Artist Cathy Lomax has recreated several images from Rosemary’s Baby (1968), analysing the movie via costumes worn by its titular central character (played by Mia Farrow). They form a detailed and elegant companion piece; something Clothes on Film thought you should know about.
Lomax actually painted all 56 changes Rosemary undertakes during the story, as designed by Anthea Sylbert, each with a mini description breaking down the outfit’s composition. She directs attention to Mia Farrow’s slight frame and how the deliberately shapeless costumes serve to heighten Rosemary’s fragility and homeliness. Check out the examples below, all oil on canvas:
Rosemary Woodhouse’s Wardrobe, Outfit 3: Yellow floral print, sleeveless swing dress. (Moving into the apartment)
Rosemary Woodhouse’s Wardrobe, Outfit 13 #1: Dark blue with red and white floral print, above knee dress with long sleeves and Peter Pan collar and black Mary Jane shoes. (In the bedroom after having dinner at the Castevets’)
Rosemary Woodhouse’s Wardrobe, Outfit 21: Short white towelling dressing gown and big fluffy blue slippers. (In kitchen the morning after being raped by the devil)
Rosemary Woodhouse’s Wardrobe, Outfit 1: Off white, short sleeved, above knee cotton/polyester mix dress with matching court shoes and handbag (First visit to apartment)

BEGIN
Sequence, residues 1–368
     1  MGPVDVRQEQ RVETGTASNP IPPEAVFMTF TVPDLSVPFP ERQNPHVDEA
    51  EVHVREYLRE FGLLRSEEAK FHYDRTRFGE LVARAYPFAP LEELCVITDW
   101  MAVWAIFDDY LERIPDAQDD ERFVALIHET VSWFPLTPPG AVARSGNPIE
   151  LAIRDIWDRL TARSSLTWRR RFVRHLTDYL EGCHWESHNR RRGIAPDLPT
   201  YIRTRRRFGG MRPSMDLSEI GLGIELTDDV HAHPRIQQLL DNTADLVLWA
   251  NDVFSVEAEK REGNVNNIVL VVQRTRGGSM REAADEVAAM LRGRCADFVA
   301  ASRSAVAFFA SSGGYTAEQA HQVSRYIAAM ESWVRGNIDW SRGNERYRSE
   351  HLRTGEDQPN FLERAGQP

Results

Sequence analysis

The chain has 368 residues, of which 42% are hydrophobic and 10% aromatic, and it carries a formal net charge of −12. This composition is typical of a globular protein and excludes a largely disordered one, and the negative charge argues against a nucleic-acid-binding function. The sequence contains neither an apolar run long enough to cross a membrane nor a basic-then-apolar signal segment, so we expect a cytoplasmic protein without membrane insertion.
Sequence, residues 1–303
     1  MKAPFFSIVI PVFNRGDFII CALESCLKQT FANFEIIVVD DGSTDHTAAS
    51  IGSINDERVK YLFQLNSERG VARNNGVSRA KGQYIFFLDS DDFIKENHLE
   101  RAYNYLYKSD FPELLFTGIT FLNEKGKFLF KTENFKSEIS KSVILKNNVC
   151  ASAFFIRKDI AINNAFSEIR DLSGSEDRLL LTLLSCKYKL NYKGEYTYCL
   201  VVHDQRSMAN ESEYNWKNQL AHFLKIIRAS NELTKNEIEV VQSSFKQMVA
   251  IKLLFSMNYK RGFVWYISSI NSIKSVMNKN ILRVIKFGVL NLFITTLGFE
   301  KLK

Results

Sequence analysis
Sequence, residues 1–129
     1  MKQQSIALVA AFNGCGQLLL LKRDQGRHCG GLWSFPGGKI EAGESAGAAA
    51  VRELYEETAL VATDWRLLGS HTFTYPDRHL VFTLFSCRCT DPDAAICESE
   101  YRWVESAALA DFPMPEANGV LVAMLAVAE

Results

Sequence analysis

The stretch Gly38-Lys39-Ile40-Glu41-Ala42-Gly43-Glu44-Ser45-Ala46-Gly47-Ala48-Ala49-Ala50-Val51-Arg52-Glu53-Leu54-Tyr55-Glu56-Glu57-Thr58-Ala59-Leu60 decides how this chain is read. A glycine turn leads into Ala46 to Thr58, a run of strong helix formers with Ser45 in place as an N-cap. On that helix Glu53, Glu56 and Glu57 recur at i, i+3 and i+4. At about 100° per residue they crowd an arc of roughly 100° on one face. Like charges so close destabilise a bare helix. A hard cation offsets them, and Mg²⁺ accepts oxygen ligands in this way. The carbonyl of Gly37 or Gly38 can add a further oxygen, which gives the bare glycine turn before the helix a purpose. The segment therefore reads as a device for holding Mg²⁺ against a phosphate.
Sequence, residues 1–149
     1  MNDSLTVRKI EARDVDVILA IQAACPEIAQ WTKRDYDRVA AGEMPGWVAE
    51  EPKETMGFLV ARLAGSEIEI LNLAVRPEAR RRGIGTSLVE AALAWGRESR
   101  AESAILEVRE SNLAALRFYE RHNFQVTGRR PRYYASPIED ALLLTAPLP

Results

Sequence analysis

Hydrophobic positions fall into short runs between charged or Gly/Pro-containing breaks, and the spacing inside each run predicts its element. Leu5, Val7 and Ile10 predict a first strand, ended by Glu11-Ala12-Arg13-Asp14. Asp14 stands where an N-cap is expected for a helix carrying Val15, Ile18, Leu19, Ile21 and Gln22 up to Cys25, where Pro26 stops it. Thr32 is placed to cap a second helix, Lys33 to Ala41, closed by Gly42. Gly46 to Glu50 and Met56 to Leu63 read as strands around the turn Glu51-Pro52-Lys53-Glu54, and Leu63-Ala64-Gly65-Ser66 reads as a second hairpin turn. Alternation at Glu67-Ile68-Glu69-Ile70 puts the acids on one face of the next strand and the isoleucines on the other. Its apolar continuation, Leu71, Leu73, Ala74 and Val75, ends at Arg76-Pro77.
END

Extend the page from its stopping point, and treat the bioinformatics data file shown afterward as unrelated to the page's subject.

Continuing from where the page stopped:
Rosemary Woodhouse’s Wardrobe, Outfit 32: Blue quilted nylon dressing gown with tiny white dots, white lace trim around cuffs and collar and satin bow at neckline. (In the apartment, feeling ill)
Rosemary Woodhouse’s Wardrobe, Outfit 38: Taupe, linen, sleeveless dress with racer back and back zip. (Castevets’ New Year’s party)
In her reoccurring series ‘Film Diary’, Lomax makes a painting of what she considers to be, for her, a pivotal scene in a movie along with a straightforward line of text clarifying the moment. These form a snapshot artistic record of the film and its costumes:
For more information about Cathy Lomax, follow THIS LINK to her fanzine – such an interesting approach, using art to read and enlighten film.
All artwork and descriptions by Cathy Lomax.
© 2011 – 2014, Lord Christopher Laverty.